SUNDAY, JULY 31, 2011 • 9A


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10A • SUNDAY, JULY 31, 2011


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SUNDAY July 31, 2011


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Too much Donte Minter BY MIKE LONDON

wayne hinshaw/salisbury post

west Rowan’s Toby Brown fires a jumper against south.

CHINA GROVE — South Rowan looked downright weary down W. Rowan 66 the stretch in a 66-56 S. Rowan 56 championship game loss to West Rowan in the 2nd edition of the Scooter Sherrill Alumni Throwback Tournament. “We’re not ready to rename this the West Rowan Invitational yet,” joked Sherrill, who worked tirelessly to put on the tournament and then starred in it. “But maybe if we win another two or three, we’ll have to think about it.” South was playing its second game Saturday when it fell short against the Falcons, while defending champ West only played once, but South’s Steve Heggins wasn’t looking for excuses. “I work six days a week in 105-degree temperatures,” said Heggins, who toils in his family’s auto detailing business. “So it wasn’t like I got tired. Fatigue wasn’t the factor. The factor was that big guy over there.”

That “big guy” was West lefty Donte Minter, 6-foot-8 and 250 or so pounds. While West’s still svelte, dynamic and charismatic Sherrill and South rubber-band-man Carlos Dixon staged an MINTER epic battle on the perimeter that was a standoff, the immense presence of Minter decided the championship. He had 23 points and 15 rebounds. “From 15 feet and in,” shrugged South’s Jason Cross, “he doesn’t miss.” Cross, a hero when South won its last Sam Moir Christmas Classic back in 1996, played linebacker at Catawba and owns the arms of a blacksmith, but his attempts to box out Minter weren’t always successful. The 6-1 Cross caught an accidental elbow to the eye during one physical flurry. Minter apologized to Cross profusely — but he didn’t feel so badly that he


wayne hinshaw/salisbury post

Carlos Dixon goes up against T.J. Gaither, left, and scooter sherrill.


Brickyard pole goes to Ragan

At West, 46 and counting

BY JENNA FRYER Associated Press

INDIANAPOLIS — David Ragan, in the midst of a career breakthrough, added the pole for the Brickyard 400 at Indianapolis Motor Speedway to his suddenly improved resume. Ragan earned his first car e e r Sprint Cup Series victory earlier this month at Daytona, a RAGAN track long considered to be the crown jewel track of NASCAR. Indianapolis ranks among the most prestigious tracks in the world, and Ragan’s pole-winning run Saturday was no small feat. He made his run late in the session, with threetime Brickyard winner Jimmie Johnson holding down the top spot on the leaderboard. Ragan turned a lap of 182.994 mph in his Roush Fenway Racing Ford to bump Johnson from the pole. “It will be cool to lead the pack,” Ragan said. “It’s an honor to be here and to be the fastest guy at Indy. This is a great track. Any type of accomplishment you get here is cool.” It’s Ragan’s second career pole. His first came in April at Texas. “It was a good lap, I didn’t make a mistake,” Ragan said. “It wasn’t as aggressive as I wanted to be.” Kasey Kahne made his qualifying run after Ragan and jumped in front of Johnson with a lap at 182.927 mph in a Toyota from Red Bull Racing. Johnson, the five-time defending series champion, fell to third. His lap of 182.801 mph in his Hendrick Motorsports Chevrolet had led the qualifying session until the late runs by Ragan and Kahne. Penske Racing teammates Kurt Busch and Brad Keselowski qualified fourth and fifth in their Dodges for Sunday’s race. AJ Allmendinger, Juan Pablo Montoya, Jeff Gordon, Matt Kenseth and series points leader Carl Edwards rounded out the top 10. David Stremme, Travis Kvapil, Erik Darnell, JJ Yeley and Scott Wimmer were the five drivers who failed to qualify. Denny Hamlin qualified 14th, but he’ll have to drop to the back of the field at the start of the race as a penalty for changing his engine.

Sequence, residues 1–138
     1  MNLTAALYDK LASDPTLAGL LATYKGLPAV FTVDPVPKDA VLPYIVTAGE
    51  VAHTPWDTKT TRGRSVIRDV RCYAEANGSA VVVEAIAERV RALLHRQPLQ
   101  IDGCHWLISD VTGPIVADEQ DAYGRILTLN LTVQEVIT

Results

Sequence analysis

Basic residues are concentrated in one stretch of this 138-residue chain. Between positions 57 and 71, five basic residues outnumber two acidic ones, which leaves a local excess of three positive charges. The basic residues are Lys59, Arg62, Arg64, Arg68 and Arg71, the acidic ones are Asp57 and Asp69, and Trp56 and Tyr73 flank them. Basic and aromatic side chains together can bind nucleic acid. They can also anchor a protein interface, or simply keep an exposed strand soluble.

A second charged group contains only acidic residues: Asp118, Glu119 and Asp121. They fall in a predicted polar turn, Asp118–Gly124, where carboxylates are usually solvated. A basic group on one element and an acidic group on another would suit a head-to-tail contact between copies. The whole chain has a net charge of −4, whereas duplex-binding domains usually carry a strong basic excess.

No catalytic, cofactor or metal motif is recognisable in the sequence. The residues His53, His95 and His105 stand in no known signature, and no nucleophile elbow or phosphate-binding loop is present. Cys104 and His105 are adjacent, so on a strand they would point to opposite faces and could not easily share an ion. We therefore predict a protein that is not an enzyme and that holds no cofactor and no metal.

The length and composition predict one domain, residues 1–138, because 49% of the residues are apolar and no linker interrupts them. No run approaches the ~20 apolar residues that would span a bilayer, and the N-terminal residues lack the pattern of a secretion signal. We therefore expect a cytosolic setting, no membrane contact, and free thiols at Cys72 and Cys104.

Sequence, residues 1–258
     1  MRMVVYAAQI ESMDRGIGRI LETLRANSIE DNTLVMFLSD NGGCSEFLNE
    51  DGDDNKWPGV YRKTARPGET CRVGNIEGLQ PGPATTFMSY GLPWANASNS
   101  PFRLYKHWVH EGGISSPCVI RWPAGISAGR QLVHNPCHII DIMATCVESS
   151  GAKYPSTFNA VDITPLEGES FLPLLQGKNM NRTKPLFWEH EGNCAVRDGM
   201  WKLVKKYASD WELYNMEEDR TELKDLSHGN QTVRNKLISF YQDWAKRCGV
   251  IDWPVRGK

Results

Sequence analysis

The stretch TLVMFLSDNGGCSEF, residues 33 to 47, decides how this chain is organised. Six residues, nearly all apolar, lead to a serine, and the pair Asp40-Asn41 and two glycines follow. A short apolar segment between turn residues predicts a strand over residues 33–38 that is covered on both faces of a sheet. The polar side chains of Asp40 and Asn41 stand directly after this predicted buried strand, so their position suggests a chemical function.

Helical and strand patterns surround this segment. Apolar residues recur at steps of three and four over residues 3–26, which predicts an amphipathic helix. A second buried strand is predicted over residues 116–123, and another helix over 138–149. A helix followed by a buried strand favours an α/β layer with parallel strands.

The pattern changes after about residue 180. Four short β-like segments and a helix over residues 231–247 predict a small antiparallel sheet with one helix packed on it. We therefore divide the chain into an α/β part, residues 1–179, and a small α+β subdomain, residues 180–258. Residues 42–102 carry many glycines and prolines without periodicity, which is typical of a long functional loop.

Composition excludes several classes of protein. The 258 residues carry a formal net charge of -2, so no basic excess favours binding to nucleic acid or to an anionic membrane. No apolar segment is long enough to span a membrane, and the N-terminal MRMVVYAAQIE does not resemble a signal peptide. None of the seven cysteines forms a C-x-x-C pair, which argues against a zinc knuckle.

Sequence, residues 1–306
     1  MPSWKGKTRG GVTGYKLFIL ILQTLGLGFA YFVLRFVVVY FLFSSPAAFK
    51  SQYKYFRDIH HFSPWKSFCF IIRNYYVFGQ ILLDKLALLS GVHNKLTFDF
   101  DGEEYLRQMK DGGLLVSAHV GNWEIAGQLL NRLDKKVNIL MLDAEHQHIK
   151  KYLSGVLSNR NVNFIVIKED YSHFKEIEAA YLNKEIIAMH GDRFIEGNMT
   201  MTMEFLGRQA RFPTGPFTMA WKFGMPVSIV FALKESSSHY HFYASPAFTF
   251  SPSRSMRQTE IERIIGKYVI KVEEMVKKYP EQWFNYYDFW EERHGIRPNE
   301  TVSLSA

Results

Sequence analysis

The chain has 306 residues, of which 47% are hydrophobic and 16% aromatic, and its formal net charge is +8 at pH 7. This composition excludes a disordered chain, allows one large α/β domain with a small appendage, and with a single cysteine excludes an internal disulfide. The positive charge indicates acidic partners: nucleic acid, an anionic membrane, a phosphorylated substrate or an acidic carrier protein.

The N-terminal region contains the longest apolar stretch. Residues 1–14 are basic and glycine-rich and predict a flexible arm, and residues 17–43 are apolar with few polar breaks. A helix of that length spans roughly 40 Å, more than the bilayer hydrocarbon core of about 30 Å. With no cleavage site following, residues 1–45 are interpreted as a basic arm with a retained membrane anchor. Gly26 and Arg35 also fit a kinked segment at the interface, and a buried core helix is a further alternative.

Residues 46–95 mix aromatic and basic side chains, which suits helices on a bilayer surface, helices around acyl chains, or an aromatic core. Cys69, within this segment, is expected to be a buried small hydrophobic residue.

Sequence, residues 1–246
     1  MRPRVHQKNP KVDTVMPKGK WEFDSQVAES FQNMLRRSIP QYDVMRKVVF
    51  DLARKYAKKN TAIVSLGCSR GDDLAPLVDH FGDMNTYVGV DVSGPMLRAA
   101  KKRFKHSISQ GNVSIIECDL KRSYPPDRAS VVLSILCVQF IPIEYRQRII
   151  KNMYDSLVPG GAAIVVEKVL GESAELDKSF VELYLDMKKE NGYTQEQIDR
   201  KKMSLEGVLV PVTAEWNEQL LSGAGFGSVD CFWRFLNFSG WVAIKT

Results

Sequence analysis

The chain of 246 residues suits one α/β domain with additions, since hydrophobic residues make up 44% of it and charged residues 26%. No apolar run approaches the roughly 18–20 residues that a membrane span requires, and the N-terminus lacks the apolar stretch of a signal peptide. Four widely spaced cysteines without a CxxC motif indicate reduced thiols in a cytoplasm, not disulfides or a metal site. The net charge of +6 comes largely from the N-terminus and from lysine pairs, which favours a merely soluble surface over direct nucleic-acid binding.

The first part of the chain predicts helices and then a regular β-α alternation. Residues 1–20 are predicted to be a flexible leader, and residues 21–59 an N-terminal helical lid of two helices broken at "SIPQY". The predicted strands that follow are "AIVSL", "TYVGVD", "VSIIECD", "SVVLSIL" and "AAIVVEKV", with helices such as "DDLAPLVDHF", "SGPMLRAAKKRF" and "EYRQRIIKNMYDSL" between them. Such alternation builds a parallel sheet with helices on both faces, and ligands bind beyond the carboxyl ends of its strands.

OUNT ULLA — As the West Rowan Falcons marched to the practice field Saturday morning on the first official day of high school football practice, a familiar face walked among them. B.J. Sherrill, the greatest quarterback in school history, wasn’t suited up. His career ended last December when he led his team to its 46th straight RONNIE victory and GALLAGHER its third straight 3A state championship. He’ll play for Catawba in the fall. But just having him there pleased West coach Scott Young. “All of our old guys come back,” he said. His two-day mini-camp proved that. “You feel your program has been successful when Chris Smith (a sophomore at Arkansas), is at camp on Thursday, K.P. (Parks, a redshirt freshman at Virginia) is here on Friday and B.J. is here today,” Young said. “Dominique Noble (a freshman at Georgia Tech) was here (Friday) night.” Young showed off a big smile. “When your college kids come back to see the team and see the coaches, it


wayne hinshaw/salisbury post

west Rowan’s scott young has been north Carolina’s most successful high school football coach over the past three years.


A new feeling at Salisbury practice BY RONNIE GALLAGHER

SALISBURY — Salisbury football coach Joe Pinyan takes the first official day of practice very seriously. “We’re going to throw everything we can at them on the first day,” Pinyan said Saturday morning at the start of his 8 a.m. workout. “We hope they learn it and if it doesn’t sink in, we’ll run it back through them. Time’s short. We play in a couple of weeks.” Salisbury was the second team on Dec. 11, 2010 to win a state title for Rowan County. West Rowan won in the afternoon and the Hornets thrashed